DISCLAIMER: The Star Trek characters are the property of Paramount Studios, Inc. The story contents are the creation and property of Cheryl Rice and is copyright (c) 1980 by Cheryl Rice. Rated G. Originally published in Alpha Continuum #4.
Myths are things that never were but that always are. - Salustius
Kirk shivered slightly although the night air was milk-warm. He felt the rocks, solid and real behind his back and legs, the salt water tugging at him ... caressing. Then he looked again at the woman-creature before him. "You can't possibly exist," he told her and himself firmly.
"Nonsense. Sailors have known us for thousands of years. They see us when they are sad and lonely." She pushed back the heavy, tarnished-gold hair from around her shoulders. "But we have no more time for discussion. Will you come with me or stay? The sky-storm is fast approaching."
In the distance Kirk could hear thunder mutter and grumble. Far flashes of lightning lit up the darkness and in its glow he could see the sea foam cream and dance. "Why must I choose?" He was talking more to himself than his companion.
But she had heard. "The decision must be made. You cannot have both the world of air and of water." She reached out enticing arms. "I offer love, eternal love..."
He let himself be drawn forward and felt her cool body against his ... so cool. But something was not as he thought it would be. "In the pictures I have seen of your kind ... you always have..." For the life of him he could not think how to phrase his worry. He was so tired, so weary.
But she understood his unasked question and laughed lightly. "A tail like a fish. That is only in the myth, Captain. But part of the ancient stories are true. Our song is very sweet and we can promise rest and sweet delight."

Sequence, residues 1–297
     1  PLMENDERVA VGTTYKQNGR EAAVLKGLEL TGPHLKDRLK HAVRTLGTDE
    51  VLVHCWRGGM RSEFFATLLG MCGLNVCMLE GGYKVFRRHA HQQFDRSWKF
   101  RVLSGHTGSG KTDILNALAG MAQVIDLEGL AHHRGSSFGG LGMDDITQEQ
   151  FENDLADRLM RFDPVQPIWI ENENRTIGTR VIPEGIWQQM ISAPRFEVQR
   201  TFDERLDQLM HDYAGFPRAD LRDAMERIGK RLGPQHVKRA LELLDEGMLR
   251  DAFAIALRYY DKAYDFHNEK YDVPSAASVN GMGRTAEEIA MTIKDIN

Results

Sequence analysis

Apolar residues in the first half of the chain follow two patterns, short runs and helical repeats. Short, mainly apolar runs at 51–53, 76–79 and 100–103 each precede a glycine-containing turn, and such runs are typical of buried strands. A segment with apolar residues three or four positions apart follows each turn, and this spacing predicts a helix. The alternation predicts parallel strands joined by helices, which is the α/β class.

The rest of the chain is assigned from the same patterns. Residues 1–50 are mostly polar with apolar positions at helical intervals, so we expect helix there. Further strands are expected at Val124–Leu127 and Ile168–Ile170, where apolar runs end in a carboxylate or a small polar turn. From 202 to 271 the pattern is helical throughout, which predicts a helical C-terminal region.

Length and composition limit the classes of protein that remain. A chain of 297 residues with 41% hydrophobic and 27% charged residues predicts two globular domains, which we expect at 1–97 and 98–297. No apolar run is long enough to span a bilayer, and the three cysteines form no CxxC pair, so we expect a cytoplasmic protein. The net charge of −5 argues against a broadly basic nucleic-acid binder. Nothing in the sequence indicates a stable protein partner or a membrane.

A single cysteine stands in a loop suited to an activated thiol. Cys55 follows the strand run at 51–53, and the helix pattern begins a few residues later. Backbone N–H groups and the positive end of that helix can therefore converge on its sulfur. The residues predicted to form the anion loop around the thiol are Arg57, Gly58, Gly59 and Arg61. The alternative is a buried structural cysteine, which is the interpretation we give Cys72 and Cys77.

Her body held promise of incredible joy. Kirk slipped down in the water with her and their lips met in a deep, lingering kiss that seemed to draw his very soul from his body.
He drew back and gazed upon her beauty, dazzling even in the gloom. She was nude, wearing only strands of fire-pearls in her hair, bracelets on one slender arm, and a dull gold necklet marked with same symbols he could not decipher. He ran a finger across their raised surfaces. "What does that say?"
She smiled in secret amusement. "My family motto, Captain. But come with me and I will tell you its story. Hurry, time grows short. Make your decision." She backed away into deeper water, her hair floating out evenly around her. "Stay and grow old before your time. Come and I will love you forever."
Kirk felt himself irresistibly drawn. "Wait ... I don't even know your name."
She laughed again. "You may call me Ondine. That name will do as well as any other. But decide, now!"
He was torn in two. To go or to stay? He hesitated, looking up at the sky. Overhead it was still clear. He could see the reassuring glitter-frost of a myriad stars and the old moon cradled in the new moon's arms. But the storm was growing ever closer. "How can I know what's right? I don't know."
Her exquisite face was rueful. "You know all you ever shall." She fingered the gold at her throat. "My kind has been through this before. I shall survive, but shall you?"
She was in the water now to her neck. Kirk felt the promise of paradise slipping away. "Wait. The saying, the motto. What does it say?" It was suddenly of great importance that he know.
She touched the necklet again and her jade eyes flashed disdainfully. "Our feelings toward humans, a remembrance of the way we are usually treated. 'From things about to disappear I turn away in time.' I can, can you?"
She dived then and in a flash was gone, only a deeper shadow cutting through the shadowed water.
"Don't go! Don't leave me!" Kirk called out in despair and swam as fast as he could to the point where he had last seen her. "Wait!" He had recognized her at last, her elusiveness, her eyes, her six-fingered hand at her throat. His love, his life. Not Ondine. "Chantal," he called in despair and said good-bye to the world of air, the world he had known before. He followed her down, blindly.
And he was drowning, drowning...